At the heart of Disney’s earnings is what it calls its Parks, Experiences and Products segment. Last quarter, that segment had revenue of $7.7 billion, up 17%. Operating income for the segment was $2.1 billion, up 23%. Without this contribution, Disney’s quarter would have been dismal. (These are the best cities for vacationing with kids.)
One metric worth using to understand the success of the parks is what it costs a family of four to visit Disney World for a week in early summer. According to Mouse Hacking, the figure is $6,320.
To put the figure in context, the median household income in 2021 was $70,784. And that is before taxes. Federal, state and property taxes could bring that number below $60,000. This comparison of income to the “cost” of Disney is telling.
Disney brands are part of the reason people go to the parks. Disney is the ninth most valuable brand in the United States at $44.5 billion, up 21% from 2021. Under that brand are dozens of others, including Pixar and Marvel. Many of the characters from these brands are part of the theme park experience.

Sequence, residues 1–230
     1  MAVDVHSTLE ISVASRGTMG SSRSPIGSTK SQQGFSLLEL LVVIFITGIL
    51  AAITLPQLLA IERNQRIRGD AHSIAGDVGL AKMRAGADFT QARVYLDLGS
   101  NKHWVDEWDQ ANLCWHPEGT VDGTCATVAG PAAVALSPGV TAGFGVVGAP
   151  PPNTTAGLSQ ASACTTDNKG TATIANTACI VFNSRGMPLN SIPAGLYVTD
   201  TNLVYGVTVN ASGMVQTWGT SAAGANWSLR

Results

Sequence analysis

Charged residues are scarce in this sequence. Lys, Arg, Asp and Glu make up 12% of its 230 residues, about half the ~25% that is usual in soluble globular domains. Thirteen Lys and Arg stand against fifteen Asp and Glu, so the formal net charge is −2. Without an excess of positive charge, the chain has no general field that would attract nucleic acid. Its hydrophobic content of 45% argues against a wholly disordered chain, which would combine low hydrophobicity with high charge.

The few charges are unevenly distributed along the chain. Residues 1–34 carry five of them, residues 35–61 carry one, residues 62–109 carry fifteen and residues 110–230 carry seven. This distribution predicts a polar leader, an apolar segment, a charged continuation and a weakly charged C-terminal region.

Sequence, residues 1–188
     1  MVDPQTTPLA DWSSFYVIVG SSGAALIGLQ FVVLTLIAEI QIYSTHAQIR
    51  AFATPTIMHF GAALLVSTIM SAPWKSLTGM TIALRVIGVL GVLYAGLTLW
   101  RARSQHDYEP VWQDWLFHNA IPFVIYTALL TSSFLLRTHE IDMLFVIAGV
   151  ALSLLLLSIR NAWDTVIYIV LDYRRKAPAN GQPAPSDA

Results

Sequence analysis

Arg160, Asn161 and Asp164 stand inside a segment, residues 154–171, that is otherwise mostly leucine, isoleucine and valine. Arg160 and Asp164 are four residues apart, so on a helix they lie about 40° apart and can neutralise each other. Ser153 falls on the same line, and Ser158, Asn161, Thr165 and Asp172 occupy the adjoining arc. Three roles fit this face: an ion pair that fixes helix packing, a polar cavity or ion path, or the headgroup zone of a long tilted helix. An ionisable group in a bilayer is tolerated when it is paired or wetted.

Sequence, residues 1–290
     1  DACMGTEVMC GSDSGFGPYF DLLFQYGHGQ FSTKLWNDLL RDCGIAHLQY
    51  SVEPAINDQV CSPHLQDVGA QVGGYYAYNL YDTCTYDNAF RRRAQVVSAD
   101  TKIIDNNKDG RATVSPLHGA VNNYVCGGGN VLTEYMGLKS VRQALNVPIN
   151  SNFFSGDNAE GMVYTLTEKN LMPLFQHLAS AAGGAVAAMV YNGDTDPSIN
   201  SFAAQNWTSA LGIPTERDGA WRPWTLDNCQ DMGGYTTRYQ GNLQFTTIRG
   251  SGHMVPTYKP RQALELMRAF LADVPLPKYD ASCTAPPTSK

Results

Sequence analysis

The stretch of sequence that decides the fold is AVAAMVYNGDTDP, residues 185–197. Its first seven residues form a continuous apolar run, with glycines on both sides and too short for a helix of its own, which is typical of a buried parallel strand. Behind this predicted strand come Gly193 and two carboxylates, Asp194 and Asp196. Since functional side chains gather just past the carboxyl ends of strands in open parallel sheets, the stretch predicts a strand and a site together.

Whatever else is true about Disney, its theme parks are durable. Disney World was opened in 1971. Disney Land opened in 1955. Disney also has parks in Paris, Tokyo, Shanghai and Hong Kong.
The cost to visit Disney World is outrageous, but Disney has built a brand that draws people despite that.
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